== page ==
Feature Engineering

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Measuring feature impact

How PMs ensure success from the moment of launch and beyond

There is something powerful about having a simple graph that everyone sees every day

Is it up and to the right?
In a steep decline?
Or, even worse, you don’t have a graph at all.
I’ve been there.
In some organizations, the success of a feature is unknown to the team, even to the PMs or leadership, because the tracking or tooling wasn’t part of the requirements.
For an early startup, that is OK. You tend to understand your users by simply talking with them, but once you get passed 10 users, you quickly realize you don’t know if users are using your product or simply saying they are using it. Once you 100x your user base to 1000 users, it is impossible to talk to all of them.

Dashboards rally the team

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Having a dashboard displayed publicly for your team — and the whole company — can be quite a motivating factor. A line graph up and to the right is a great morale boost for the team. You can celebrate and reward everyone for a job well done. A flat or declining graph calls for the team to focus and think of ways to improve it.
This begs the question, what metric do you track? Do you track multiple?

⭐ Insight 1: There is no universal framework for feature metrics.

Maximizing the time a user spends on your product may make sense for social media platforms, but it may also indicate that it takes a lot of time for your user to get value from your B2B SaaS product. A metric framework that worked for to measure UX quality may not work for you as a data warehousing product. The popular (AARRR) may not make sense for an Associate Product Manager in a large organization that is focusing on a narrow piece of the product.
There is no framework that works well in all contexts. You have to decide for yourself what metrics are important in your context.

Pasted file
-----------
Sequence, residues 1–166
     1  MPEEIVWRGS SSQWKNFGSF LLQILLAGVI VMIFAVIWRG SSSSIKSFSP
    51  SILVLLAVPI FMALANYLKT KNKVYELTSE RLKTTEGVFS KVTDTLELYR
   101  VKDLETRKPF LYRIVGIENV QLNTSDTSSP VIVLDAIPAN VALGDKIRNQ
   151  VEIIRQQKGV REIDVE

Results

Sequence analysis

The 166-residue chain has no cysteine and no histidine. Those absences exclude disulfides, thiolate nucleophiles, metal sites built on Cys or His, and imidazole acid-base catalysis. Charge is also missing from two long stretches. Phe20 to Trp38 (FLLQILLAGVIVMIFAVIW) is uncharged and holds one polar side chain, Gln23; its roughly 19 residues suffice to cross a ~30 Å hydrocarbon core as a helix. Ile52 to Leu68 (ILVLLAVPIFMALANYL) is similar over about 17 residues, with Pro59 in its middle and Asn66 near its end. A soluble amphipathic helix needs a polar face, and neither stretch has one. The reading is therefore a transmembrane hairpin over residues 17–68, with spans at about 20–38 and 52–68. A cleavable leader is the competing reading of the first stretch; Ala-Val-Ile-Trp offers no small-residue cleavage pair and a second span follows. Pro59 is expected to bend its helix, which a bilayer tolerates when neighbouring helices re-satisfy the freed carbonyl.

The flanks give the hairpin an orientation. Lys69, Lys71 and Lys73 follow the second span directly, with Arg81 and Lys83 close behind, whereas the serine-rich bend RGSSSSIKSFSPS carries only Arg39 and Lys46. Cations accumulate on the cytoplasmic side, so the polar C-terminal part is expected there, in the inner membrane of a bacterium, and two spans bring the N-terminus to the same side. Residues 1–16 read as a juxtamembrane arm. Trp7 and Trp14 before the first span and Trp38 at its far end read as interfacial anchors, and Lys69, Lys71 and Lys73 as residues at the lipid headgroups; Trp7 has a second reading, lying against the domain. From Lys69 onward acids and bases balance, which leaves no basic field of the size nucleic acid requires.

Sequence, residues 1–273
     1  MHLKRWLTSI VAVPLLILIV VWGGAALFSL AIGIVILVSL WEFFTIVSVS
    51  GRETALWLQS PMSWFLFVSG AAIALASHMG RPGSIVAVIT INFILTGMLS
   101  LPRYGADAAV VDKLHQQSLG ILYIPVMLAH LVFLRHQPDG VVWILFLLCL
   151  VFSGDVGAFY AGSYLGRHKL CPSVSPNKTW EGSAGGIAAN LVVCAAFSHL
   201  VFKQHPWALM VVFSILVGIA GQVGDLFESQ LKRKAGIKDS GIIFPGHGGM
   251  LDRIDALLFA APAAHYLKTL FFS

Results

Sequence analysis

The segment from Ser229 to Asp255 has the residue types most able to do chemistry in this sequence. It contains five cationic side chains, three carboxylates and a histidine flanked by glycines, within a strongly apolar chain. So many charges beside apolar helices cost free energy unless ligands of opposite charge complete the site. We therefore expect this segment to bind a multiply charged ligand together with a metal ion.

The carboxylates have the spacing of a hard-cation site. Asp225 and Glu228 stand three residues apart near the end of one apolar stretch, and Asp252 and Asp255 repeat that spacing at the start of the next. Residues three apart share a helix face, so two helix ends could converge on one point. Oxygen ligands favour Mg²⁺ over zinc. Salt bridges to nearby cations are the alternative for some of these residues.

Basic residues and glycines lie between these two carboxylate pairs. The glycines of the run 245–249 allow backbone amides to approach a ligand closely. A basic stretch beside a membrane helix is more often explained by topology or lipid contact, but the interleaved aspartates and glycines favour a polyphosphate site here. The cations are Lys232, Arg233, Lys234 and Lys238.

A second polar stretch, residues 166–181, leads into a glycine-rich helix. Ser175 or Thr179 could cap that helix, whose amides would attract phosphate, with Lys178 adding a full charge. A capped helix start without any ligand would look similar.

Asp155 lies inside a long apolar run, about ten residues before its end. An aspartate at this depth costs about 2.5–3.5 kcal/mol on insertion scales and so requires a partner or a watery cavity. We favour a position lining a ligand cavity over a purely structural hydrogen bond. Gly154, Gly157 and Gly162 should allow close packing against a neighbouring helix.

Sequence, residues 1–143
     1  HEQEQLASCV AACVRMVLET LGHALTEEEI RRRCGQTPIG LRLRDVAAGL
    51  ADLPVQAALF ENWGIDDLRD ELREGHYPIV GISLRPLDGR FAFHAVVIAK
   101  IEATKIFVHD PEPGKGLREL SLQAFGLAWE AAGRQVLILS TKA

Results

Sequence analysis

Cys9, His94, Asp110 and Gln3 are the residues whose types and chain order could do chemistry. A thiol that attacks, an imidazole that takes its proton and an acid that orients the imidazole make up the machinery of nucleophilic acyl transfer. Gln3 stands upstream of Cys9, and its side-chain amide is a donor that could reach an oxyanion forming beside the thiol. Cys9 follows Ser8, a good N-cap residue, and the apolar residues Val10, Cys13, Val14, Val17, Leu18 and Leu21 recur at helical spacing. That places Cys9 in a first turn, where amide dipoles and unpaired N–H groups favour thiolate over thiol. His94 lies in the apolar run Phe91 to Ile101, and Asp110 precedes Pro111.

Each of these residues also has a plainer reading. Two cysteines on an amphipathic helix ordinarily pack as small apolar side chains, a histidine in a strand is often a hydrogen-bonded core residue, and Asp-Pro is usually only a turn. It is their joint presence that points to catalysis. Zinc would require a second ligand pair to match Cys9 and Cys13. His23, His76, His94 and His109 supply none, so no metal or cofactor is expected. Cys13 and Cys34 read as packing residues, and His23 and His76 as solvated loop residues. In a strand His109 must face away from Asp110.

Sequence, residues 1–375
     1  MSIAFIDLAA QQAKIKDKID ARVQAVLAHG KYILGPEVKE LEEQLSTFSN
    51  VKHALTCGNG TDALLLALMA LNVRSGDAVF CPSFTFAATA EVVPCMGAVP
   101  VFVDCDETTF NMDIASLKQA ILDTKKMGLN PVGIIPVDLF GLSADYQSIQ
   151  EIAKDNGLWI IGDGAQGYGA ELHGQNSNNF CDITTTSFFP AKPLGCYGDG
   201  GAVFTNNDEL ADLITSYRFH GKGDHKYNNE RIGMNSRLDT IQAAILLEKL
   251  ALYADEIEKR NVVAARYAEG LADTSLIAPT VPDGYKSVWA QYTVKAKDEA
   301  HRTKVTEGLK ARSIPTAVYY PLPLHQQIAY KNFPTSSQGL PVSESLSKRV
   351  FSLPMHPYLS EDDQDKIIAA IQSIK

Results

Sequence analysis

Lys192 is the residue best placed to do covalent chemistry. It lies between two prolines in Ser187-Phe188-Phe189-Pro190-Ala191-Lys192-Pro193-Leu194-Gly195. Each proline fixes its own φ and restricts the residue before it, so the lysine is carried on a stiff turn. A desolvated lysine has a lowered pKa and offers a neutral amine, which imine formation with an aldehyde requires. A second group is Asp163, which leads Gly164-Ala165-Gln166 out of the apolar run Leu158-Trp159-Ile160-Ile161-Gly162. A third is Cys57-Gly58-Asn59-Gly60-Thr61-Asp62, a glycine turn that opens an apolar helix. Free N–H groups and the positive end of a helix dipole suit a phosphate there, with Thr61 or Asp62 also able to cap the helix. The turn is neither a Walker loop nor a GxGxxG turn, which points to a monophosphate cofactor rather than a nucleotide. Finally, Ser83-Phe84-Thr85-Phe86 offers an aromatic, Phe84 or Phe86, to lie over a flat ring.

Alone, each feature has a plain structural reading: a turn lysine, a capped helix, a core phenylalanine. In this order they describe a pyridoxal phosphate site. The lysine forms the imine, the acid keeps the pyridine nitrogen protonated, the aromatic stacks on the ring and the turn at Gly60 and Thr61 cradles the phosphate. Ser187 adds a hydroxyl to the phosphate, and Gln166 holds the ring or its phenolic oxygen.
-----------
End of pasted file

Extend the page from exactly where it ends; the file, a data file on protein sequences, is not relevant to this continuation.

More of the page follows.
⭐ Insight 2: Start from the overall business impact.

The key to deciding what to measure is to start with the overall business metric you are trying to impact. This can be a pre-defined , an overall metric that is important to your product area, or simply the metric that will make your manager’s job successful.
Once you’ve decided on the business impact, you can start to think through how the feature you have decided to be built can be measured to see if it moves the needle.
Let’s go through an example.


You are working on a B2B SaaS product that provides users with data. You’ve heard from customers that they would like to get this data in their email inboxes on a daily or weekly basis. Let’s assume that you’ve determined that this is a project worth undertaking after
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🎉 Awesome! Next you:

🎨 Work with your designer to think of a snazzy solution.
⚙️ Collaborate with your engineering lead along the way to consider technical trade-offs and edge cases.
📄 Keep the marketing and customer service team up-to-date on the progress of the feature.

But what about the success metrics? You should have at least a draft of your metrics at the beginning of the process. As part of creating the Product Requirements Document (PRD)/
Keeping in mind : you know that you should start with the potential business impact of this feature. Let’s assume that the most important metric for the product team is increasing Weekly Active Users (WAUs).
Based on this, you decide to use a common framework for feature adoption:
- a framework popularized by It’s light-weight and comprehensive enough for your needs.

TARS is the acronym that stands for:

Target: all active users interested in using the new feature (it can be 80%, 50%, or even 30% of your all active user base)
Adopted: how many users from the target used the feature, measured by Adopted Users / Target Users
Retained: the share of adopted users who are still coming back to the feature in daily, weekly or monthly routing - depending on your product usage frequency
Satisfied: the share of retained users who are satisfied with the new feature
TARS is a funnel where you can identify some drop-offs at every step of the process and reprise them as long as you reach the level you are satisfied with.

With this framework in mind, you decide to make the following targets.
: We target that 20% of our users will use this feature at least once within 90 days of launch.
: We target 40% of our users who started using the feature will still be using it 90 days later.
: After 90 days of the launch of our feature, our target satisfaction rate is 80%

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